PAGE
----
In January, we received the results of our RFP with the Augustana Research Institute (ARI).  The report in its entirety is available for download using this link: Rotary Mentoring Report.  ARI 's Principal Investigator, Dr. Suzanne Smith, and her team created an extremely well executed report allowing us to put our club's next steps together.   Here is an Executive Summary of the information. 

Sioux Falls prides itself on being a community of generous people who care for one another. In Sioux Falls today, an estimated 1,855 mentors are actively engaged in mentorship relationships.  Yet the need for mentors remains significant. Our DT Rotary Board of Directors Executive Committee instructed the Augustana Research Institute (ARI)  to proceed with three focal areas for mentoring: youth, new Americans, and families and adults. 
Additional mentors are needed to meet demand for existing mentoring programs as well as to expand opportunities for mentoring to broader swaths of the population. In particular, stakeholders and mentoring program staff described five areas of opportunity for increased mentorship: youth, families and adults, career, social services and community accessibility, and intercultural inclusion.
Waiting lists persist for the community‚Äôs largest youth and family mentoring programs. Students and families sometimes wait months before being matched with a mentor. Based on current program capacity and existing demand, our local mentoring programs estimate the number of additional mentors needed today is 1,088.  The Sioux Falls area has a total K-12 public and private school enrollment of 45,970. Though youth-focused mentoring programs have the most participants of any area examined here, they cumulatively reach fewer than 2,000 youth. Across the board, youth-focused programs report their greatest need is additional volunteers.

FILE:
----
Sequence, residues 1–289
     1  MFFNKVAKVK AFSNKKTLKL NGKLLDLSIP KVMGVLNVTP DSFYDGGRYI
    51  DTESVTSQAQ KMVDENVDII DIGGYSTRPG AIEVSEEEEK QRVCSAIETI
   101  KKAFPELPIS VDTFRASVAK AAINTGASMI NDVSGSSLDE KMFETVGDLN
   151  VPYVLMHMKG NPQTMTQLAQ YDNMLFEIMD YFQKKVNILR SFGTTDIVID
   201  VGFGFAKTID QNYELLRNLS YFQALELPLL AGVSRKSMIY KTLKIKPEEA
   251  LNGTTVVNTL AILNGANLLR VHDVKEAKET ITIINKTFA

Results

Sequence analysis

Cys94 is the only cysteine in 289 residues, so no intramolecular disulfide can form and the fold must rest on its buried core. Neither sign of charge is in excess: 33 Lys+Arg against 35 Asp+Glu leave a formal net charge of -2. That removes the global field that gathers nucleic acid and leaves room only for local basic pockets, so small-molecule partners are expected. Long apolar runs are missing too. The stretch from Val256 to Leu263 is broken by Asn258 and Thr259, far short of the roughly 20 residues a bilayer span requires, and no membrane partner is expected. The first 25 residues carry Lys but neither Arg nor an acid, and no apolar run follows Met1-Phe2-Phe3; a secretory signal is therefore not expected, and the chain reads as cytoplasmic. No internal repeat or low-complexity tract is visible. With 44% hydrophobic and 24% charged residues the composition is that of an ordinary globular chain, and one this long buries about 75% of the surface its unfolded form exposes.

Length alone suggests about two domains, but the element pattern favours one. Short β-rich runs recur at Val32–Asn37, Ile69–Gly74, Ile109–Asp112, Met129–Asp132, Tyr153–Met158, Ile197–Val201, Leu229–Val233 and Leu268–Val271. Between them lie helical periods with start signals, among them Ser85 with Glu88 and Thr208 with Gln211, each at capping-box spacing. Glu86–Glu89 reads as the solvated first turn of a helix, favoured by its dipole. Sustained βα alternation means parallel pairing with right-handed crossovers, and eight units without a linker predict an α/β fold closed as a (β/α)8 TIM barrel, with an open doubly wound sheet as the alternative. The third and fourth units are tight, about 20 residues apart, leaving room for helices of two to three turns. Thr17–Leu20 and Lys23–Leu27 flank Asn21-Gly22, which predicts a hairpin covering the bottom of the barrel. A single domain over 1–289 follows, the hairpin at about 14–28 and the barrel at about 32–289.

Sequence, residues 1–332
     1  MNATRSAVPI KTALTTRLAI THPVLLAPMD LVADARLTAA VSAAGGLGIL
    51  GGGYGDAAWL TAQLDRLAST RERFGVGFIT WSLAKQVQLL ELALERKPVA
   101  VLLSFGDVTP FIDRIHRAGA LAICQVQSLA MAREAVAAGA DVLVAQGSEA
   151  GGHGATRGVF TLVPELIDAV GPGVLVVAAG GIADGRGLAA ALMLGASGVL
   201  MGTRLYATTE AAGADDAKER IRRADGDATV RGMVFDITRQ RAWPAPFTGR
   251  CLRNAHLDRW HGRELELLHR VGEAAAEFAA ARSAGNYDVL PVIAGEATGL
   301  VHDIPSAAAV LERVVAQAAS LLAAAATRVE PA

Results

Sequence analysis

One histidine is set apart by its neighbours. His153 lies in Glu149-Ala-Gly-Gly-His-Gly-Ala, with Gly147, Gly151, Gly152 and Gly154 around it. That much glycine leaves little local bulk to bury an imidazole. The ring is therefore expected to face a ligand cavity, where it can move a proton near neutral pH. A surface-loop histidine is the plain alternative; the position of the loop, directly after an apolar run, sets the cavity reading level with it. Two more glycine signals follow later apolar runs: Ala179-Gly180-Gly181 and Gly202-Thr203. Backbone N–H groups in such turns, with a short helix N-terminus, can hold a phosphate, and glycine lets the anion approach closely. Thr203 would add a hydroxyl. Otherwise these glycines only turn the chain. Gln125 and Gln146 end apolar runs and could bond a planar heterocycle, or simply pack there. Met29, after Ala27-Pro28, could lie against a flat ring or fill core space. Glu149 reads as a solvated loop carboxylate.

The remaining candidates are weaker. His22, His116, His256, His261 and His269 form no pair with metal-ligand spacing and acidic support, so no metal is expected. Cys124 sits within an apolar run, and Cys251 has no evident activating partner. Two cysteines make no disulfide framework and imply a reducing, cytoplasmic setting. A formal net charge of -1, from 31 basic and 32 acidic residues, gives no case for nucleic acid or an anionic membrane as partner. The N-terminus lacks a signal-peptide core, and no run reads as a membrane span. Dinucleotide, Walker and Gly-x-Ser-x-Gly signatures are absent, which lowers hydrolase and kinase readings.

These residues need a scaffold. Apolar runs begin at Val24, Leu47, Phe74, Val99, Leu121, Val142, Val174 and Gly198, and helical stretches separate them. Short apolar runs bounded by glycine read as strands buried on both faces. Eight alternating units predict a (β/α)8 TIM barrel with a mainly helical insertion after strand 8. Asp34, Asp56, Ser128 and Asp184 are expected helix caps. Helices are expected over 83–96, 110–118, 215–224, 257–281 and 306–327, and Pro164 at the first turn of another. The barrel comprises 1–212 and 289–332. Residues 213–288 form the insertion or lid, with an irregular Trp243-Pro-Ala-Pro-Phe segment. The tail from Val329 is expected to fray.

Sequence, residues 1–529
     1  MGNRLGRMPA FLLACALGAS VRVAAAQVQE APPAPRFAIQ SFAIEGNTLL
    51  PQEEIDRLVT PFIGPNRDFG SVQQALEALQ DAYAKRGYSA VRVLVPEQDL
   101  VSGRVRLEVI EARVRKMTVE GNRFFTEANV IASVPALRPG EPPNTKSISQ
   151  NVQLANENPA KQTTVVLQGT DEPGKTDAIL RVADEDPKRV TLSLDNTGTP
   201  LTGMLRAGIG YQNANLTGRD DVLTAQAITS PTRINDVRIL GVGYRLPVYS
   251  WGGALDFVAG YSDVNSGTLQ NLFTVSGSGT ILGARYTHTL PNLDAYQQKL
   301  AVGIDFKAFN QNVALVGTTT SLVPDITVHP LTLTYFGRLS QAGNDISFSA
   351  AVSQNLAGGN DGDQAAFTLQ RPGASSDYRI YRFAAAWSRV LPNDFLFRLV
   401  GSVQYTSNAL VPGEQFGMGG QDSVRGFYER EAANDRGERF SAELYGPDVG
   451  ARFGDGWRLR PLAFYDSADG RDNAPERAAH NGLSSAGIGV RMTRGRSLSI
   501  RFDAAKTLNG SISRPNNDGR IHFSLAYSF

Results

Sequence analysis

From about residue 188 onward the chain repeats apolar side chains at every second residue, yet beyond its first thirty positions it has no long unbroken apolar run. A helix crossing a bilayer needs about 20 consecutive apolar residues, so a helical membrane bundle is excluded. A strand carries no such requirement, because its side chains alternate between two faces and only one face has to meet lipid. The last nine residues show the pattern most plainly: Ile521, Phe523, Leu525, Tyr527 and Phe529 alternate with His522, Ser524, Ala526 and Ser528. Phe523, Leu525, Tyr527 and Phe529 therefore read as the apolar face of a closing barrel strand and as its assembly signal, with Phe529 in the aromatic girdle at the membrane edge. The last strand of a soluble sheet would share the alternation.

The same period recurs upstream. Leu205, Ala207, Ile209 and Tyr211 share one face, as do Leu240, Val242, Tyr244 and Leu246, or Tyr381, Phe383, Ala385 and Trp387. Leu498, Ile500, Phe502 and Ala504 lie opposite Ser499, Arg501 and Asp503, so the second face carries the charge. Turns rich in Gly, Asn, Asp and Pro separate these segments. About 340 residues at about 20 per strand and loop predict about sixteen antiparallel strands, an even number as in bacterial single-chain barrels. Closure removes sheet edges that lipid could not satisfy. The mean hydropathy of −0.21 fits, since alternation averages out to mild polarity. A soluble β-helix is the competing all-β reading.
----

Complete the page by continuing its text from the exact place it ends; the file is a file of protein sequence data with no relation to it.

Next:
Sioux Falls is home to a growing number of new Americans, immigrants and refugees who have settled here. In total, 18,708 Sioux Falls residents were born in another country, and of those people, more than half entered the United States within the past decade. New American mentoring programs match long-time residents with newcomers, benefiting both parties as they bridge cultural divides.
Sioux Falls is fortunate to enjoy a healthy economy and generous residents who can come alongside families and adults experiencing temporary crisis and instability.
Mentoring programs for families and adults can help people get back on their feet by empowering them with daily living skills and parenting techniques, job skills, and confidence to advance in their careers.
Thousands of people are involved in existing mentorship programs, but across the board, programs report opportunities for growth. The greatest needs are additional volunteers and financial support. Program staff and community stakeholders agree: Priority should be given to matching potential mentors with programs and mentees they can mentor successfully and to empowering a broader cross-section of the population to become mentors. Advocates of mentoring can lift up the diversity in the menu of options available among local mentoring programs, work to build an inclusive pipeline for new mentors from diverse backgrounds, and collaborate across sectors to facilitate referral to mentoring.